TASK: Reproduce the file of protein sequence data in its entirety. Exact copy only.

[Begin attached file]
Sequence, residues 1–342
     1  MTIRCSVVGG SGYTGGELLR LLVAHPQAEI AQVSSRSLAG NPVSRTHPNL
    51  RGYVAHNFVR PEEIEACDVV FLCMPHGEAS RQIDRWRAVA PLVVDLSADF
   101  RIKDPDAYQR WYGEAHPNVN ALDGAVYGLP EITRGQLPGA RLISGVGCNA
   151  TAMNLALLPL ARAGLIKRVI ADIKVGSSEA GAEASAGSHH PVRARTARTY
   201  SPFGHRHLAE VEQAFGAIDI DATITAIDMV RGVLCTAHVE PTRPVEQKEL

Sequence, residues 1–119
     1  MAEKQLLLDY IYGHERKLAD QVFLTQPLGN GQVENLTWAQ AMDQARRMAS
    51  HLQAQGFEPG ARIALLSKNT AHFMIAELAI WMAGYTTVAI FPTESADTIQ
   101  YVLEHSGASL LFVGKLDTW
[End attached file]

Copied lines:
Sequence, residues 1–342
     1  MTIRCSVVGG SGYTGGELLR LLVAHPQAEI AQVSSRSLAG NPVSRTHPNL
    51  RGYVAHNFVR PEEIEACDVV FLCMPHGEAS RQIDRWRAVA PLVVDLSADF
   101  RIKDPDAYQR WYGEAHPNVN ALDGAVYGLP EITRGQLPGA RLISGVGCNA
   151  TAMNLALLPL ARAGLIKRVI ADIKVGSSEA GAEASAGSHH PVRARTARTY
   201  SPFGHRHLAE VEQAFGAIDI DATITAIDMV RGVLCTAHVE PTRPVEQKEL

Sequence, residues 1–119
     1  MAEKQLLLDY IYGHERKLAD QVFLTQPLGN GQVENLTWAQ AMDQARRMAS
    51  HLQAQGFEPG ARIALLSKNT AHFMIAELAI WMAGYTTVAI FPTESADTIQ
   101  YVLEHSGASL LFVGKLDTW